Posted by: suekenney | July 8, 2013

Susan’s Editorial Dictionary: A is for Active Voice

The English language has a grammatical aspect called voice.  Every sentence is either in active voice or passive voice.  Most sentences in English are written in the active voice.  In these sentences, the subject of the sentence is either the doer of the action of the verb, or the topic, in the case of linking verbs.  For instance:

Margie sat on the elegant chaise longue.   (Margie is doing the action of sitting.)

Margie is the most endearing physicist I’ve ever met.  (Margie is the topic of the linking verb is.)

Passive voice switches the focus of the sentence to what would be the object of the sentence in active voice.  In passive voice, the subject becomes the recipient of the action.

The chaise longue was made in the new factory in Newburyport.  (Chaise longue receives the action of making.)

A rococo chaise longue

A rococo chaise longue (Photo credit: Wikipedia)

Passive voice can be easily recognized by looking at the verb:  it is always a form of the verb be plus the past participle of another verb.  “Am amused,” “was focused,” “will be done,” “has been formed,” “had been started,” and so on.

Another thing to note in passive voice sentences:  the doer of the action is not always mentioned.  For instance, in the sample sentence for passive voice, we don’t know who in particular made the chaise longue; just that it was made in Newburyport, in a new factory.

Generally, you can switch active voice to passive, as long as there is an object to the sentence, and passive to active.  Here are some examples:

Margie lifted the heavy suitcase into the trunk of her car.  (Active – the subject is doing the action)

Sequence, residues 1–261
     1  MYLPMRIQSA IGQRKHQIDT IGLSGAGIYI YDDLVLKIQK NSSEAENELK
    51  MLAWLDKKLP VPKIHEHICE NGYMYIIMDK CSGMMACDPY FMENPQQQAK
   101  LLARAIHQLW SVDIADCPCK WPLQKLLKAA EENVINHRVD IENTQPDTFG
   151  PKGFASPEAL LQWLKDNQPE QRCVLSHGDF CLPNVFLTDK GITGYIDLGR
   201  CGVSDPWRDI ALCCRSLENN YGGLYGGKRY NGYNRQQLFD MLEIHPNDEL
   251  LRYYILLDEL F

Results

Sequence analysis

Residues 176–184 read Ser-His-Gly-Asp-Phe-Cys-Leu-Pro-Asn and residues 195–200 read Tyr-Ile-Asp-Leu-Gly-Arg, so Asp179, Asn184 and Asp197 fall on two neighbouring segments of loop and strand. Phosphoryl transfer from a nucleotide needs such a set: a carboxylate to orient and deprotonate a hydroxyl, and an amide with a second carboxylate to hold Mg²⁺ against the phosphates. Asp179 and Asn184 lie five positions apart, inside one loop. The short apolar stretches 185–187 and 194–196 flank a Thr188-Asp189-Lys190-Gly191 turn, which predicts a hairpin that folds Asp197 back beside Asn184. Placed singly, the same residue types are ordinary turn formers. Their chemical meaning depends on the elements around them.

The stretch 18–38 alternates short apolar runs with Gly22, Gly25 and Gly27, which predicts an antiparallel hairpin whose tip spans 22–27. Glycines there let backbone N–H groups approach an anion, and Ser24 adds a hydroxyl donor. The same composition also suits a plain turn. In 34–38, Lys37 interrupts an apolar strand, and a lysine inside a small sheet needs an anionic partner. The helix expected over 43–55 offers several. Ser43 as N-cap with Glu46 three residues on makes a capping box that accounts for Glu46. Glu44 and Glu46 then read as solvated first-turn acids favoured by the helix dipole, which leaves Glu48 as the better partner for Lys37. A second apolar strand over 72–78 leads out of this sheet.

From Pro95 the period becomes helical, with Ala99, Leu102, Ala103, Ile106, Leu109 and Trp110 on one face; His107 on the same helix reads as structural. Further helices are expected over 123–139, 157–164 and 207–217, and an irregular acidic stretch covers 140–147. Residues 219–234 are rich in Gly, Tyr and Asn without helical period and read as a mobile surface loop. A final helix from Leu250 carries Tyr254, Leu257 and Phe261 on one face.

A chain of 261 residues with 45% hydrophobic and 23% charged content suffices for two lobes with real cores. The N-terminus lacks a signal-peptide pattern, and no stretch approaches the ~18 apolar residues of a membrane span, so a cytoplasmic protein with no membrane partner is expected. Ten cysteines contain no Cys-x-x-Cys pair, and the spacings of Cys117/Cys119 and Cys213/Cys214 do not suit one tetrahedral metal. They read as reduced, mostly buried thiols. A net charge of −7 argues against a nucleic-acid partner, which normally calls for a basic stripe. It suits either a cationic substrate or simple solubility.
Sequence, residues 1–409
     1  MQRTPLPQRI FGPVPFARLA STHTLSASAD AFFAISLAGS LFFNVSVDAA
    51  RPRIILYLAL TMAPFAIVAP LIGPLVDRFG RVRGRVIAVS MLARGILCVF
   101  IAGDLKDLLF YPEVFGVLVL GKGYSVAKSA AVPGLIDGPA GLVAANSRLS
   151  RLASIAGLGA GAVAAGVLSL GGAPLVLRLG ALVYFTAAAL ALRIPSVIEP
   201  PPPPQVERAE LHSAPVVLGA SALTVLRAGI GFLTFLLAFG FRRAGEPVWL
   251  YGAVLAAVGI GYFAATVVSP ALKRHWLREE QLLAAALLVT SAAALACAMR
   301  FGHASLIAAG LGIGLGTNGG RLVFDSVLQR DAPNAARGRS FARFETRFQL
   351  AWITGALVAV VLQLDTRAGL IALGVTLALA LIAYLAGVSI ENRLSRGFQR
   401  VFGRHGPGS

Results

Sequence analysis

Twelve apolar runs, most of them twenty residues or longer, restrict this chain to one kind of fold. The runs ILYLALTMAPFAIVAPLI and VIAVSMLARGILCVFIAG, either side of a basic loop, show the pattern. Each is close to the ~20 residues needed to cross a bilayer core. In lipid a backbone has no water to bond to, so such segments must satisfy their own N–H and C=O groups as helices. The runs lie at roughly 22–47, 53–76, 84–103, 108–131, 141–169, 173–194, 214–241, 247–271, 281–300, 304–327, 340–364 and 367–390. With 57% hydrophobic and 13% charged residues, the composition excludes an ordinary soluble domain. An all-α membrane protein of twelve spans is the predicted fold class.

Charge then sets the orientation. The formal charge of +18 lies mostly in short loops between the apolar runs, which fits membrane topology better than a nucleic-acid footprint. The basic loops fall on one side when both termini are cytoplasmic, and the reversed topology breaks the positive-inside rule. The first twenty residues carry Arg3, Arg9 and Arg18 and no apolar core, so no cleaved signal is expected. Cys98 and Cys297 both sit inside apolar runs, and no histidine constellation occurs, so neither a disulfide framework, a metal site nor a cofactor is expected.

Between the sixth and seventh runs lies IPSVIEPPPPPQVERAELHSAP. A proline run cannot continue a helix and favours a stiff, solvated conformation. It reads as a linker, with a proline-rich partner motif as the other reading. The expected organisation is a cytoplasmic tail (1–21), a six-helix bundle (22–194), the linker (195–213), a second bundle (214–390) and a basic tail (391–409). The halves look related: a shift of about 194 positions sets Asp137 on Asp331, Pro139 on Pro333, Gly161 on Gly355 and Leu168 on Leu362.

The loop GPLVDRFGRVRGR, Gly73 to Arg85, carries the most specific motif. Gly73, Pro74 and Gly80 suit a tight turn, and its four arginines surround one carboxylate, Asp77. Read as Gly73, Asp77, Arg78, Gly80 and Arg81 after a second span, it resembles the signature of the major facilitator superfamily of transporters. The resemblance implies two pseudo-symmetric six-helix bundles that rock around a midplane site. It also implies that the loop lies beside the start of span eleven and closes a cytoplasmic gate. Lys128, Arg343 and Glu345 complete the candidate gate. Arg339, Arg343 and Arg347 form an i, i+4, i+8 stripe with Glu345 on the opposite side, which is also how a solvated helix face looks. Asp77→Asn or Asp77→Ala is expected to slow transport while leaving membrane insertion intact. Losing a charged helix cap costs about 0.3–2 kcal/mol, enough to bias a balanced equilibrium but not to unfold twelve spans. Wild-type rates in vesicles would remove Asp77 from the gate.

The heavy suitcase was lifted by Margie into the trunk of her car.  (Passive – the subject is receiving the action)

Margie filled the suitcase with sturdy, warm clothes.  (Active – the subject is doing the action)

The suitcase was filled with sturdy, warm clothes.  (Passive – the subject is the receiver of the action – the doer of the action is not mentioned)

As I said at the beginning, most sentences in English are in the active voice.  Active voice helps the sentences move along more smoothly and quickly; it adds a little bit of pep to your writing.  Active voice is more vivid, more direct.

However, this doesn’t mean that you should always avoid the passive voice.  If you want to focus on the recipient of the action, or for some reason don’t care to mention who specifically is doing the action, then use passive voice.  Just don’t do it very often.

Just for fun, I wrote four sentences or clauses in my main text in passive voice:  can you find all four?  (Don’t count the sample sentences.  If you find more than four, you get an extra gold star!)

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